4-6 February 2019
Centara Grand at Central Ladprao
Asia/Bangkok timezone
Deadline for full paper revision: 21 May 2019.

Role of Gap Junction Communication between Carbon-Irradiated Glioblastoma and Bystander Normal Cells Through Activation of NRF-2 Antioxidant System

5 Feb 2019, 14:20
Centara Grand

Centara Grand

Oral Medical Oral 5


Dr Narongchai Autsavapromporn (Chiang Mai University)


Glioblastoma (GBM) is the most aggressive and common primary brain tumors.This results in resistance to current treatment by low linear energy transfer (LET radiation such as X ray. In addition, many side effect of cisplatin are major drawbacks in radiation therapy of GBM patients. Hence, the aim of the study was to investigate the toxicity of combined high linear energy transfer (LET) carbon ions with cisplatin in bystander normal cells. Briefly, confluent GBM (T98G) cells were treated with cisplatin, followed by carbon ions. Within 20 min following exposure, carbon-irradiated T98G cells were trypsinzied and seeded on the top of insert with bystander normal NB1RGB cells in the presence and absence of gap-junction inhibitor (AGA) at the bottom of it and assayed for further analysis. Our results show that gap junction intercellular communication (GJIC) enhances cisplatin toxicity from carbon-irradiated T98G cells to bystander normal NB1RGB cells. However, the cytotoxicity in the bystander normal cells can be partially suppressed by inhibiting of GJIC. Consequently, the protective mechanism of AGA against the toxic effect of radiochemotherapy was assessed based on the restoration of the antioxidant defenses via activation of Nrf2. This study demonstrates that GJIC inhibitor is a new candidate that the radioprotective effect in bystander normal cells and its combination with high LET carbon ions, is promising method in GBM patients.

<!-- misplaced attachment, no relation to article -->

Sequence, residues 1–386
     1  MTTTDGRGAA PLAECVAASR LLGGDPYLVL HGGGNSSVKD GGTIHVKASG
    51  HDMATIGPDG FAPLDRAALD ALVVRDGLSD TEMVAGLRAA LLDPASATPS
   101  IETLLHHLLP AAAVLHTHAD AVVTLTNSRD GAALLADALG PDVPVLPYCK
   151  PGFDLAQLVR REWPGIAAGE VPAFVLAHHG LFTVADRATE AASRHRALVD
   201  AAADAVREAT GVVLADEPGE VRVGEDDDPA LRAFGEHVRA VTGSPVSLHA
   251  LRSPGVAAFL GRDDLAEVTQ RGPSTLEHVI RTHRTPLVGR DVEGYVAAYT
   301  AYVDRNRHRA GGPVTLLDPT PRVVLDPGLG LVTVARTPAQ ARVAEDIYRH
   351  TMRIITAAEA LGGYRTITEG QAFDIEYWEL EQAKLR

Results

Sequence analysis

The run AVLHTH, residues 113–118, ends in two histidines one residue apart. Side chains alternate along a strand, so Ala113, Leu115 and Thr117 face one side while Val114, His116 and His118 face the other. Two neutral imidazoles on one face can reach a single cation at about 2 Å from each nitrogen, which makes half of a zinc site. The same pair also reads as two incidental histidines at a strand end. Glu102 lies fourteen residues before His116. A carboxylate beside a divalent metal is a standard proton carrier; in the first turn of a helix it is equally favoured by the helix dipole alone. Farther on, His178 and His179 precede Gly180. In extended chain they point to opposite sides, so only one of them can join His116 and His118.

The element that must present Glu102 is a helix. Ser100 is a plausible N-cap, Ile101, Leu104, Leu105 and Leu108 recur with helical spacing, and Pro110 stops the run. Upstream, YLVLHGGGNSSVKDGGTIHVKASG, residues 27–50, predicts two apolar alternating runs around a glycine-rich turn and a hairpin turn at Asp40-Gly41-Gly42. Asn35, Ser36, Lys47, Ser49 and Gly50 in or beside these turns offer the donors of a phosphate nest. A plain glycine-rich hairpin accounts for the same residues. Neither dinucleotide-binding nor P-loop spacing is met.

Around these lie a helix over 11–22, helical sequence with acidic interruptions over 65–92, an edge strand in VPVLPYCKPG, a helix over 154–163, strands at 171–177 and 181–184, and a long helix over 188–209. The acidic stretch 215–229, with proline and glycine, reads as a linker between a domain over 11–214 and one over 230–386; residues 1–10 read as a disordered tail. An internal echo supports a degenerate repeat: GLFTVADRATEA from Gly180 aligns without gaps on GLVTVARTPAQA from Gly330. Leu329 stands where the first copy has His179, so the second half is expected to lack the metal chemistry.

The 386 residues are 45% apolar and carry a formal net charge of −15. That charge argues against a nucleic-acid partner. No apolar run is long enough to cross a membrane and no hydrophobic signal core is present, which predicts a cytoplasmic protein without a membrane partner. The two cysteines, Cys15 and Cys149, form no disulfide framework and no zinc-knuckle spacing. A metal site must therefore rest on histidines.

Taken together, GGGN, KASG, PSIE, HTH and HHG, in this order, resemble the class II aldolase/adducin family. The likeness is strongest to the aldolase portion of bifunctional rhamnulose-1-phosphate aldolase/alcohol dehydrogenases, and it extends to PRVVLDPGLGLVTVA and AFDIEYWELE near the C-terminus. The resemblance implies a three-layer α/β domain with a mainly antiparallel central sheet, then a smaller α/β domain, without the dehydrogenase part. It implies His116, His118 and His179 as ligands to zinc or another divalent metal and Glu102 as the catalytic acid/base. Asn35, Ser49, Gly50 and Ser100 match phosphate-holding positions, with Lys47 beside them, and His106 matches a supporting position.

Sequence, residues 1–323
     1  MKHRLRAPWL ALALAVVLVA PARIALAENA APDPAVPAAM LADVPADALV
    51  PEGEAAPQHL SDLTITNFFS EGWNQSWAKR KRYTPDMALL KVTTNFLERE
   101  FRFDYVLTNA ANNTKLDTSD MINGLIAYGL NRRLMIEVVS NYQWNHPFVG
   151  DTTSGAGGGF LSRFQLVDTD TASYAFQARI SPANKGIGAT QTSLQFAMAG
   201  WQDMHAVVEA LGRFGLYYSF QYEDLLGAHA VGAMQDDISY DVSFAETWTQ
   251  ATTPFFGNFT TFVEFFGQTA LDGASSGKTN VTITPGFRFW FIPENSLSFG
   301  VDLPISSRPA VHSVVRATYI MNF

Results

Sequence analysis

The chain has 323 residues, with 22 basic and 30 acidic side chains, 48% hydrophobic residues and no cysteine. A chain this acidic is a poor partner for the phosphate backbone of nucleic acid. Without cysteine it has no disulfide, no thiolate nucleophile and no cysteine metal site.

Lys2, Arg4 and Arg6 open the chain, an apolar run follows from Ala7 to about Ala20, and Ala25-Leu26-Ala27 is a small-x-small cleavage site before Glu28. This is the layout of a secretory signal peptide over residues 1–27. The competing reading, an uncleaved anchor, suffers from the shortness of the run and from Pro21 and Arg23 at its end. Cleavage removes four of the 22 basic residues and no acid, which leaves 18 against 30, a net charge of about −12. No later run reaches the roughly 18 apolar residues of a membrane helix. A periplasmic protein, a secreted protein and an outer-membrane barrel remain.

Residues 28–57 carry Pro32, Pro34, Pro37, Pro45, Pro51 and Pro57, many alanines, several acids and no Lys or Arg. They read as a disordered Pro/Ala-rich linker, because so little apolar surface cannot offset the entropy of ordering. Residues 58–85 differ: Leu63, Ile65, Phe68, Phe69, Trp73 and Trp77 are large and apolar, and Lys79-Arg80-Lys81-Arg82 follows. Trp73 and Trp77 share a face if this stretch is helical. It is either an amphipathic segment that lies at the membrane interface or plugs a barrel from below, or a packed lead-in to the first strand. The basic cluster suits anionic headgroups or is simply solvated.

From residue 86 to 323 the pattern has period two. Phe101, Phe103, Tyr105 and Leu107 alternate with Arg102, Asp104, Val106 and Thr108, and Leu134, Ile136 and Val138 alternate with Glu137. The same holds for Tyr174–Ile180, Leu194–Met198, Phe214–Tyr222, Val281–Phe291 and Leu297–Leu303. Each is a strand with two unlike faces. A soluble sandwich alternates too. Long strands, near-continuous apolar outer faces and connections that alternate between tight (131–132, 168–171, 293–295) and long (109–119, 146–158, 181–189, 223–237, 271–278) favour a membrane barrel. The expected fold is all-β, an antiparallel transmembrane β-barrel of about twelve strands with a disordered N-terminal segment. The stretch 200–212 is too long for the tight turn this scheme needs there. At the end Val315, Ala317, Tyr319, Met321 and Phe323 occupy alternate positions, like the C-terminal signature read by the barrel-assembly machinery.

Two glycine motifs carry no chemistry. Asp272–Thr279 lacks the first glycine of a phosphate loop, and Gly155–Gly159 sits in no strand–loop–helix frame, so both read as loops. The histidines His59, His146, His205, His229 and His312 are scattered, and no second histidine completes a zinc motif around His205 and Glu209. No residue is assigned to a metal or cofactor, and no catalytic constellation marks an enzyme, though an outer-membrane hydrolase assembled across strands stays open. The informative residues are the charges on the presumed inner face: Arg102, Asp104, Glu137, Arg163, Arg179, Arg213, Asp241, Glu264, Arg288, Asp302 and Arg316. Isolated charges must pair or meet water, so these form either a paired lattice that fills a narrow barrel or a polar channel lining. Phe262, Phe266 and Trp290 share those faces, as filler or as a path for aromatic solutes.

Primary author

Dr Narongchai Autsavapromporn (Chiang Mai University)

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